Students are finally in America and school is in session! While this is an exciting time for everyone, we must also keep in mind that an exchange is a big adjustment for both our students and host families.
One of the best ways our host families can make students feel welcome is to get to know them on a more personal level once the shock and awe of their arrival to the U.S. dies down. Students can also help everyone adjust by being open with host families and willing to try new things.
Everyone should have lots of questions during this period. What are they interested in? What are their talents and skills? Why did they choose to host an international student?Why did they want to study in America? Do they have any more family in the host community? What is their natural family like? Building a relationship makes for a smoother program for everyone!
As you and your student adjust to each other and schools, students might find that their expectations are different than reality. We recommend that you visit frequently with your student and talk with each other often about their experiences and what's important to them during their program. Flexibility and communication are crucial during this time of adjustment.
Homesickness is a common concern at the start of the year. It’s a natural part of traveling abroad, and something that almost everyone experiences at some point. If your student feels homesick, encourage them to monitor how much time they spend talking with friends and family back home. Too much communication can make the problem worse. Getting involved in the host community also helps students adjust more quickly. Help them come up with ideas of things to do or ways to meet new people, such as a club or activity at school. As a host family, you might consider letting the students decorate their room with posters or pictures that can make them feel more at home.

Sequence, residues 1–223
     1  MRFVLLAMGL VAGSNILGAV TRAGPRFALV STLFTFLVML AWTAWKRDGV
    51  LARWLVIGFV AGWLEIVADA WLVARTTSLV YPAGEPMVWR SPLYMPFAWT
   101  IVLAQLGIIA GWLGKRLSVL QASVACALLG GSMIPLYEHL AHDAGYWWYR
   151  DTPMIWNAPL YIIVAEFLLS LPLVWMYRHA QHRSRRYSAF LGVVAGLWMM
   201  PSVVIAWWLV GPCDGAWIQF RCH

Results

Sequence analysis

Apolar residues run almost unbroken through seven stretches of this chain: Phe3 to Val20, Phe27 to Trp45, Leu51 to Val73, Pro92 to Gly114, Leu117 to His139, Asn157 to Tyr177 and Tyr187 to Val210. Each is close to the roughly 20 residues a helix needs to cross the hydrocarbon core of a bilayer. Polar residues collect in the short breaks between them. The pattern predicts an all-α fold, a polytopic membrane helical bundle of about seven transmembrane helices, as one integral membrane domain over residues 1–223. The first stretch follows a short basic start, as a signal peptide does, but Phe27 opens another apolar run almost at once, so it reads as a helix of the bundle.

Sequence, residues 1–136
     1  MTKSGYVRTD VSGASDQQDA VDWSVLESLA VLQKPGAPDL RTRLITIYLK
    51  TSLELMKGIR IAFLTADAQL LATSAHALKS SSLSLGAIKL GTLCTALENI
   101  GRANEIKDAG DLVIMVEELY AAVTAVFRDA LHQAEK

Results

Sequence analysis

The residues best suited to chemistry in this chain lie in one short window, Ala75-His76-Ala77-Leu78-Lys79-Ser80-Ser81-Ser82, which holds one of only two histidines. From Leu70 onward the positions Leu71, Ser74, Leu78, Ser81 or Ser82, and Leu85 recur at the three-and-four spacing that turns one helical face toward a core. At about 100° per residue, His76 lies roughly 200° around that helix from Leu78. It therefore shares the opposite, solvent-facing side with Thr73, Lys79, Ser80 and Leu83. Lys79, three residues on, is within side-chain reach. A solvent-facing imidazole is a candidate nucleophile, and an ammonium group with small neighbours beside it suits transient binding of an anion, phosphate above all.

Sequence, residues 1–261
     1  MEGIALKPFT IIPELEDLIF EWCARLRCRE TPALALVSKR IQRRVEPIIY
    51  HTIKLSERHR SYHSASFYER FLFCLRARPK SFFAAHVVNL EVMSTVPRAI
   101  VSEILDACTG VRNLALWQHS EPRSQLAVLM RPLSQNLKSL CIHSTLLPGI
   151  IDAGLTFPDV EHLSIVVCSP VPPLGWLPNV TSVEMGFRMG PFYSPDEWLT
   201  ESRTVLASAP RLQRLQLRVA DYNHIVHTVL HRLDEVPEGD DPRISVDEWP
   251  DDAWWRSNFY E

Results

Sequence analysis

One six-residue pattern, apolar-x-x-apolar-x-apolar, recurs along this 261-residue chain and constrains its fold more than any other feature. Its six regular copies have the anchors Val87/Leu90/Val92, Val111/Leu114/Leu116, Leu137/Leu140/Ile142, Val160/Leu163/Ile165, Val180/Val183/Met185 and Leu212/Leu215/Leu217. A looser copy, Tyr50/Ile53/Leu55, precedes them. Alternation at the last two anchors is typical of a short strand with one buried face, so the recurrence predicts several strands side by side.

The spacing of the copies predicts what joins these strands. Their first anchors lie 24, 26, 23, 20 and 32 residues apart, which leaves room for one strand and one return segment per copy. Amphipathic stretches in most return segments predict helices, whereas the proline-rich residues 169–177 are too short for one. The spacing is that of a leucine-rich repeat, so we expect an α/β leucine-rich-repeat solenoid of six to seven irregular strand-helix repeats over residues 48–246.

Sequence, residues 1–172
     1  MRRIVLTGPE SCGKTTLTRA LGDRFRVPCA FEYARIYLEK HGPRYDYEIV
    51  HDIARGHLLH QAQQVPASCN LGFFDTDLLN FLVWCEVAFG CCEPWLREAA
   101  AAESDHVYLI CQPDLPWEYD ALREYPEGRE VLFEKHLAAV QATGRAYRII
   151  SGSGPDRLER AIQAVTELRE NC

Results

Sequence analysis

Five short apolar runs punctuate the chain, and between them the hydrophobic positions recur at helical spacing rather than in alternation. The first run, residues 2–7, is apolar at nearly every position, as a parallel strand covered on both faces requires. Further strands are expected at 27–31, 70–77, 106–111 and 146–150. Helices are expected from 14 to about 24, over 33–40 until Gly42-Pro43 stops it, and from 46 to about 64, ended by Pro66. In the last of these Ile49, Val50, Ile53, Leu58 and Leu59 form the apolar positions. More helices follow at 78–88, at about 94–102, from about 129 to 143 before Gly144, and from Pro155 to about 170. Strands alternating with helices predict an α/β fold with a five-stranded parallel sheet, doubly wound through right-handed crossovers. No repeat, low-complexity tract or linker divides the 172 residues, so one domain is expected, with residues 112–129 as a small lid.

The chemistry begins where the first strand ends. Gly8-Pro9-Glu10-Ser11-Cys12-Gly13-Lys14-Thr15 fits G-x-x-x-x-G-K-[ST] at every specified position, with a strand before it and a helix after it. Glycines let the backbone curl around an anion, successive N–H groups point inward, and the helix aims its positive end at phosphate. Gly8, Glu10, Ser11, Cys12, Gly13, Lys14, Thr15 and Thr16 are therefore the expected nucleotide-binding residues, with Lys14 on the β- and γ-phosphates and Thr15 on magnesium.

Sometimes students struggle academically early on in the year. They are adjusting to a lot of changes in their daily school life! Homework style, language, and class structure can all be very different from what they’re used to. Host families and schools should work together to find our if there are any concerns about a student’s academic performance as he or she adjusts to their new school. If there are concerns, be sure to let your local rep or student/host family advisor know right away. We will help you provide the student with support and guidelines as needed.